With AL-2, however, the user simply defines its mission, and the drone takes over. The drone can execute the mission autonomously, even beyond line of sight and communication.
On the drawing board already are AL-3 and AL-4, devices that can be located permanently in a mine or other facility and conduct routine monitoring and surveying completely on its own, without each individual mission having to be defined.
Against this background of future development, many of the present applications of Hovermap in the resources industry do not even use its capability in an active mining area.
They capitalise on Hovermap’s ease and efficiency of data gathering in other facilities.
At one large iron ore development, for instance, a major mining company uses Hovermap to monitor the volume of explosive material in its storage sheds, something that is otherwise tricky and dangerous to measure.
Hovermap underground and on the moon
Even underground, Hovermap is being used in routine monitoring of tunnel convergence or deformation.
At the same time, it can detect things like missing roof bolts or pick up useful geotechnical information.
And the data it accumulates can be stored and processed later into highly accurate maps, or used for comparison with previous scans.
Some of Hovermap’s potential applications are not even on Earth.
"At a time when NASA has begun to revive space exploration beginning with the recent successful mission of the Artemis rocket to the Moon, Emesent is already discussing a potential role for Hovermap in exploring extra-terrestrial bodies," Farid says.
Put to the test in the DARPA robot olympics
A team comprising CSIRO Data61, Emesent and Georgia Tech recently competed with 10 others from the world’s top robotics institutes and companies – including NASA’s Jet Propulsion Laboratory – in the US Defense Advanced Research Projects Agency (DARPA) Subterranean Challenge.
The three-year competition involves mapping and locating objects in GPS-denied environments. These include:
- a tunnel system (a coal mine near Pittsburgh)
- an urban underground environment (an uncommissioned nuclear power station in Washington State), and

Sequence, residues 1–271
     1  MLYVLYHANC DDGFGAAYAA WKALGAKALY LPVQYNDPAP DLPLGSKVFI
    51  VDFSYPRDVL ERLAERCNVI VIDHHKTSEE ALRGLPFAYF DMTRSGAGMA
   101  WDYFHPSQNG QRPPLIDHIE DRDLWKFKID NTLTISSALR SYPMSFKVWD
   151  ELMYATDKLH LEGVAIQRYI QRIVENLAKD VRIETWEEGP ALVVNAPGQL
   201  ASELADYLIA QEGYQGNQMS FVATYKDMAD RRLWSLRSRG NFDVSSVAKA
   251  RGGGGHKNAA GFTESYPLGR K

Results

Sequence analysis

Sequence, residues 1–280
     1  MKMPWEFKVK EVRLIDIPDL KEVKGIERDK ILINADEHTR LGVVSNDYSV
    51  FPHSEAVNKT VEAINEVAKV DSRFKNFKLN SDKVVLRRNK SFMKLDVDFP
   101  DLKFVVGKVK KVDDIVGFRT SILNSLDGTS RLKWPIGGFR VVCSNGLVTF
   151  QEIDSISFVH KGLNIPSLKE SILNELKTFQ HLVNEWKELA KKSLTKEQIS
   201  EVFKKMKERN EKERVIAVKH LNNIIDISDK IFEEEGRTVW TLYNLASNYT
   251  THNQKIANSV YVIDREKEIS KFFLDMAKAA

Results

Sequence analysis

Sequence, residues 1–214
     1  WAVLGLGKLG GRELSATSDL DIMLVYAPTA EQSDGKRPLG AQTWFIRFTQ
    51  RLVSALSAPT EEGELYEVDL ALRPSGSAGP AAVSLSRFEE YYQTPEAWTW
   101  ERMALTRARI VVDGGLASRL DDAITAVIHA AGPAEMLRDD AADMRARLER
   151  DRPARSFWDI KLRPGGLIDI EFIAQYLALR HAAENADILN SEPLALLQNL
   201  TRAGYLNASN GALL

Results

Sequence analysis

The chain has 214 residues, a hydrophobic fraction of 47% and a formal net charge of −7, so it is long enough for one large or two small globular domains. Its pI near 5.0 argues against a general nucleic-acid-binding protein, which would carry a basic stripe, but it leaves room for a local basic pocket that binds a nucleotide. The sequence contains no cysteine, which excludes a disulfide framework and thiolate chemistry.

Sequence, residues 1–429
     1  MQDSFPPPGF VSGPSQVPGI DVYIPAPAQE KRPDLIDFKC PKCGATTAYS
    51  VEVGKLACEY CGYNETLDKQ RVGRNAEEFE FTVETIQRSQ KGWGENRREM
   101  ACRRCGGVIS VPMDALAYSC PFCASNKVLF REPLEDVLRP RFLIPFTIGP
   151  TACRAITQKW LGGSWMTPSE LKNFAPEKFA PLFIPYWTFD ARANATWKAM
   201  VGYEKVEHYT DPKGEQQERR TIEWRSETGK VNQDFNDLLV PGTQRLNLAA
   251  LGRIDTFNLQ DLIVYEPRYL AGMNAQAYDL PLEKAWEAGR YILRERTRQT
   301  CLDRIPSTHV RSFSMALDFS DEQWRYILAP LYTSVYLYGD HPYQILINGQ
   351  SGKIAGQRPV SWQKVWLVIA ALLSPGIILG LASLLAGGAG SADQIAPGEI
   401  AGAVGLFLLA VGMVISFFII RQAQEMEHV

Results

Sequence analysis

- a natural cave system.
The CSIRO Data61-Emesent-Georgia Tech team came second of 11 (ahead of JPL) and its solution incorporating CSIRO’s Wildcat technology won the 'Single Most Accurate Report' award.
Nearly half of the people employed at Emesent are research engineers. They represent the future.
“With the exception of Wildcat SLAM, we have developed and own most of the technology in our products,” Farid says.
“From the beginning Hovermap was developed as a versatile plug and play system, to make it easy for our different customers to integrate it with their technology and workflows.”
This integration can take many forms.
For instance, depending on the sensors available, the LiDAR ranging data Hovermap uses to construct its 3D model of the real world can be integrated with information from other sensors, such as cameras and various other means of sensing the surrounding materials.
One of the physical problems to solve is the trade-off between the flight time and range of drones with the weight of the payload of sensors and equipment they can carry—the heavier the payload the more limited the flight time.
Emesent researchers are currently working on ways of miniaturising sensors, while at the same time drone manufacturers are developing ever more powerful models of their equipment.
Meanwhile, CSIRO researchers are looking even further into the future with discussions underway for applications for Wildcat in agriculture, defence, security, and critical infrastructure.
But the real advances will be made in automation, using teams of robots both on the ground and in the air to manage farms or mines.
“During the DARPA challenge, each of the team of robots we used was able to develop a common, shared map of what all had seen,” says Jason Williams, team leader of robot autonomy at CSIRO Data61.
“That enables multi-agent coordination.
“A big part of the promise of autonomous robots is in productivity benefits. But if you have one person controlling a robot remotely, that’s not necessarily a great gain. There is a great gain, however, if that person can control ten or more robots and all know where each of them is.”